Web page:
Today in History – Glens Falls Post-Star

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On July 16:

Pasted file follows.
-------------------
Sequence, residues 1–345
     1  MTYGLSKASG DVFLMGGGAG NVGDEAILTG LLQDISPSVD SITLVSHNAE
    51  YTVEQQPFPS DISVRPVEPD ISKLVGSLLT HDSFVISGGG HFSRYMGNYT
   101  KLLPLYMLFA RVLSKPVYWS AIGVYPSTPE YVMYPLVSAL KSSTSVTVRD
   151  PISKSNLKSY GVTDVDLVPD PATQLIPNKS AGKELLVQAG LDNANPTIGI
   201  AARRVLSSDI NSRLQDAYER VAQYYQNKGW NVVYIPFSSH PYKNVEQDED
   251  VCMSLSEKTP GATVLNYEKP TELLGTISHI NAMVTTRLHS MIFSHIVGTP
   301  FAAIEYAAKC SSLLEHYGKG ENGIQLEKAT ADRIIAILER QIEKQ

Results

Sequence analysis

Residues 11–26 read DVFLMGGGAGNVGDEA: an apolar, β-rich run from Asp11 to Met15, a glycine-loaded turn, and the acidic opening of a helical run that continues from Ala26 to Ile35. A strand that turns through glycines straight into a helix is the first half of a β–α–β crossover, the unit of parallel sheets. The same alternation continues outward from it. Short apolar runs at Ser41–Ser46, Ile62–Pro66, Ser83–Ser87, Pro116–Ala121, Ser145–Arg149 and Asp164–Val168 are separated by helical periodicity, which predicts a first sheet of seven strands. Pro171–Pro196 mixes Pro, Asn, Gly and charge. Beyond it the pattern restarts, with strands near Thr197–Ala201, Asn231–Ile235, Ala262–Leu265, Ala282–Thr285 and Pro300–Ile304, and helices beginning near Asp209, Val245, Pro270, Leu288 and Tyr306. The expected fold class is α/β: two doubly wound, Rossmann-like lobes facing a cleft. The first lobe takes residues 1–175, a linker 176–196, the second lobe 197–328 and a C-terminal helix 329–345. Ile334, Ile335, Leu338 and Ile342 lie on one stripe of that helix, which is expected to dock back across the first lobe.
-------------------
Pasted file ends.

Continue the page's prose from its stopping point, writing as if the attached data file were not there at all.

1557 — Anne of Cleves, who was briefly the fourth wife of England’s King Henry VIII, died in London at age 41. 1790 — A site along the Potomac River was designated the permanent seat of the United States government; the area became Washington, D.C. 1862 — Flag Officer David G. Farragut became the first rear admiral in the United States Navy. 1935 — The first parking meters were installed in Oklahoma City. 1945 — The United States exploded its first experimental atomic bomb in the desert of Alamogordo, New Mexico; the same day, the heavy cruiser USS Indianapolis left Mare Island Naval Shipyard in California on a secret mission to deliver atomic bomb components to Tinian Island in the Marianas. 1951 — The novel “The Catcher in the Rye” by J.D. Salinger was first published by Little, Brown and Co. 1957 — Marine Corps Maj. John Glenn set a transcontinental speed record by flying a Vought F8U Crusader jet from California to New York in 3 hours, 23 minutes and 8.4 seconds. 1964 — As he accepted the Republican presidential nomination in San Francisco, Barry M. Goldwater declared that “extremism in the defense of liberty is no vice” and that “moderation in the pursuit of justice is no virtue.” 1969 — Apollo 11 blasted off from Cape Kennedy on the first manned mission to the surface of the moon. 1973 — During the Senate Watergate hearings, former White House aide Alexander P. Butterfield publicly revealed the existence of President Richard Nixon’s secret taping system. 1980 — Former California Gov. Ronald Reagan won the Republican presidential nomination at the party’s convention in Detroit. 1999 — John F. Kennedy Jr., his wife, Carolyn, and her sister, Lauren Bessette, died when their single-engine plane, piloted by Kennedy, plunged into the Atlantic Ocean near Martha’s Vineyard, Massachusetts. 2002 — The Irish Republican Army issued an unprecedented apology for the deaths of “noncombatants” over 30 years of violence in Northern Ireland. 2007 — Declaring a “moment of choice” in the Middle East, President George W. Bush said he would call Israel, the Palestinians and others in the region to a peace conference. (The summit took place in November 2007.) 2007 — A man carrying a gun and declaring “I am the emperor” was shot and killed by a state trooper outside the offices of Colorado Gov. Bill Ritter. (The man was identified as 32-year-old Aaron Snyder.) 2007 — A 6.8-magnitude earthquake on Japan’s northwest coast killed 11 people and caused radioactive leaks at the Kashiwazaki-Kariwa nuclear power plant. 2012 — North Korea announced a reshuffling of its military, dismissing its army chief — a key mentor to young ruler Kim Jong Un — and promoting a little-known general to an important position in the million-man force. 2012 — Singer Kitty Wells, whose hits such as “Making Believe” and “It Wasn’t God Who Made Honky Tonk Angels” made her the first female superstar of country music, died at age 92. 2016 — Republican presidential nominee-apparent Donald Trump formally introduced his running mate, Mike Pence, during an event in New York, hailing the Indiana governor as his “first choice” and “my partner in the campaign” a day after announcing the selection on Twitter. 2016 — Basketball Hall of Famer Nate Thurmond, 74, died in San Francisco. Country singer Bonnie Brown, 77, died in Little Rock, Arkansas. Thought for Today: “There is a tendency to mistake data for wisdom, just as there has always been a tendency to confuse logic with values, intelligence with insight.”— Norman Cousins, American author and journalist (1915-1990)